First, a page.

Manea, Cambridgeshire

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Manea is located in Cambridgeshire
Location within Cambridgeshire
Population2,088 (2011)
Shire county
Sovereign stateUnited Kingdom
Post townMARCH
Postcode districtPE15
List of places
52°29′N 0°10′E / 52.48°N 0.17°E / 52.48; 0.17Coordinates: 52°29′N 0°10′E / 52.48°N 0.17°E / 52.48; 0.17

Manea /ˈmn/ is a village and civil parish in the District of Fenland, Isle of Ely, Cambridgeshire, England.

The population (including Welches Dam) of the civil parish at the 2011 census was 2,088.[1]

Significant landmarks are Manea railway station and RSPB Welches Dam nature reserve on the Ouse Washes.[2]

Manea men's football team compete in local leagues and cup competitions.


Stonea Camp, an Iron Age hill fort is located approximately 1 mile west of the village.

Manea was once a hamlet in the parish of Coveney, and in the seventeenth century was one of the sites where Charles I planned to build a new town, to be called Charlemont.[3] The village's parish church is dedicated to St Nicholas and was built in 1875 to replace an earlier building dating from 1791.[4] The village's brass band, the Manea Silver Band, was formed in 1882; it meets at Manea Royal British Legion.[5]

Manea Colony[edit]

The Manea Colony was set up in the 1830s at Manea Fen as an experimental Utopian community but failed after a couple of years. The buildings were built with bricks from the colony's brickworks and slate for roofing. Slate from Porthmadog was already arriving at the Port of Wisbech and King's Lynn by 1830.[6] The colony produced a newspaper the Working Bee on their own press.[7] On 16 February 1841 Mr William Dodson published a notice stating that "The Late Friendly Society, called 'Manea Fen Colony' has been legally dissolved" in the Cambridge Chronicle of 20 February 1841. A model of the colony and copies of the Working Bee are on display at Octavia Hill's Birthplace House, Wisbech.[8]

The Leicester Mercury on 24 April 1841 published details of a trial at Isle of Ely Quarter Sessions of 7 April. William Hodson was fined £10 and Thomas Golding £1 for having on 13 February assaulted Maria Ward, a candidate for admission to the colony.[9]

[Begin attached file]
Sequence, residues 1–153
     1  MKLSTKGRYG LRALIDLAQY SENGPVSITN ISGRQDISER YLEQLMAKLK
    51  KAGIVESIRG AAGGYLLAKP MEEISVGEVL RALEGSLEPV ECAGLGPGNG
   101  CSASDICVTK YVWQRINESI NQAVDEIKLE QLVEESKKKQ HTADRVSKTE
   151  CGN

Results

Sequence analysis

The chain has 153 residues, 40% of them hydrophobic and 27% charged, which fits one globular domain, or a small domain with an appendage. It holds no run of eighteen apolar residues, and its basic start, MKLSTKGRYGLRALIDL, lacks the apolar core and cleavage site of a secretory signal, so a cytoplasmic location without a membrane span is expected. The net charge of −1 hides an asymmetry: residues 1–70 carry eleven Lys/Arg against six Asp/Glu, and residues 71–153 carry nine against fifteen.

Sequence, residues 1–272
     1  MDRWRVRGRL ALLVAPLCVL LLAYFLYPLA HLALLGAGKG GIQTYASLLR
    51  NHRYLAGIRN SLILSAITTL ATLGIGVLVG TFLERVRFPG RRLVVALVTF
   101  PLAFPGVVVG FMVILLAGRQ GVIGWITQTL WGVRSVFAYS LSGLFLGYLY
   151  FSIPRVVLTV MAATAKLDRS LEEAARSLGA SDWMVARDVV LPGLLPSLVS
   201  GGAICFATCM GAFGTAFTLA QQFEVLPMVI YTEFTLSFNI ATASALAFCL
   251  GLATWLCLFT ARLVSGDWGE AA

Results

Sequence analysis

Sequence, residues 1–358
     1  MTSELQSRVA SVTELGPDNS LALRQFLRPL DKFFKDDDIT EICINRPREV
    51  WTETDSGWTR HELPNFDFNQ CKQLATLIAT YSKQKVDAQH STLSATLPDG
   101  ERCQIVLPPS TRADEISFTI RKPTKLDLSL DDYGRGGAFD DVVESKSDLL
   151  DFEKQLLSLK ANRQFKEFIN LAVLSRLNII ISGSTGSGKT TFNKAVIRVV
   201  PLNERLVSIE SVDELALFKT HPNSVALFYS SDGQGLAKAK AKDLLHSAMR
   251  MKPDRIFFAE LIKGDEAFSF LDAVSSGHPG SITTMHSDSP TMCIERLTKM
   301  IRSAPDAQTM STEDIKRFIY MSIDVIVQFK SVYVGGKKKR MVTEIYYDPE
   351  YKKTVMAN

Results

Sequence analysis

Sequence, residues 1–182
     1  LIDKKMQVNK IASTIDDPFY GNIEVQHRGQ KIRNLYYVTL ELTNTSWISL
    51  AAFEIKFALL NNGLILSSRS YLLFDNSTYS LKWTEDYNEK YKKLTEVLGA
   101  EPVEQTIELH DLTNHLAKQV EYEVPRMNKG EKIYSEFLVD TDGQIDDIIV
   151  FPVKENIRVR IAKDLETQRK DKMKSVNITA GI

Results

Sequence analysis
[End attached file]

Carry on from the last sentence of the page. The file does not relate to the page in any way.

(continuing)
William Hodson emigrated and died on 18 April 1880 at Janesville, Wisconsin, US.[10] In June 1904 a smallholding in the colony, comprising 32a. 0r. 15p. with 5a. 3r. 24p. of fishing pits, occupied by Mr. Thos. Rolfe, was knocked down to Mr. SH Farmington, of March for £1240. The Colony Farm 114a. 3r. 35p. with house, cottages, barn, and other farm-buildings, occupied by Mr. Samuel Dunhour, was withdrawn at £4020. Mr. FJ Wise was solicitor to the vendors (the trustees of the late Mrs. MA Wise).[11]

During September and October 2016 the Cambridge Archaeological Unit (CAU) followed up geophysics surveys by Fenland Archaeological Society (FenArch) and conducted fieldwork as part of a HLF-funded project.[12]


  1. ^ "Civil Parish population 2011". Neighbourhood Statistics. Office for National Statistics. Retrieved 20 July 2016.
  2. ^ RSPB reserves guide: Ouse Washes
  3. ^ N. Walker & T. Craddock, The History of Wisbech and the Fens. R. Walker, 1849, page 139.
  4. ^ Genuki information about Manea
  5. ^ Manea Silver Band website
  6. ^ "Lynn". Cambridge Chronicle and Journal. 29 October 1830. p. 3.
  7. ^ "Cambridge General Advertiser". Retrieved 29 October 2019 – via British Newspaper Archive.
  8. ^ "Octavia Hill". Retrieved 18 April 2021.
  9. ^ "Leicester Mercury". Retrieved 29 October 2019.
  10. ^ "Bury and Norwich Post". Retrieved 29 October 2019 – via British Newspaper Archive.
  11. ^ "Stamford Mercury". Retrieved 29 October 2019 – via British Newspaper Archive.
  12. ^ "Manea colony". Retrieved 11 January 2019.

External links[edit]